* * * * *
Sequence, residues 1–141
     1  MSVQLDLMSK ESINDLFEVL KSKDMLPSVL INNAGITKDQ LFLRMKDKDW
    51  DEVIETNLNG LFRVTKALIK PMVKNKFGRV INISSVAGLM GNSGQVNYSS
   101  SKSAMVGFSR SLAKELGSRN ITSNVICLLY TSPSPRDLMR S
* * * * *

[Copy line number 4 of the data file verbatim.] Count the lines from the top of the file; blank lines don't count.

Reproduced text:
   101  SKSAMVGFSR SLAKELGSRN ITSNVICLLY TSPSPRDLMR S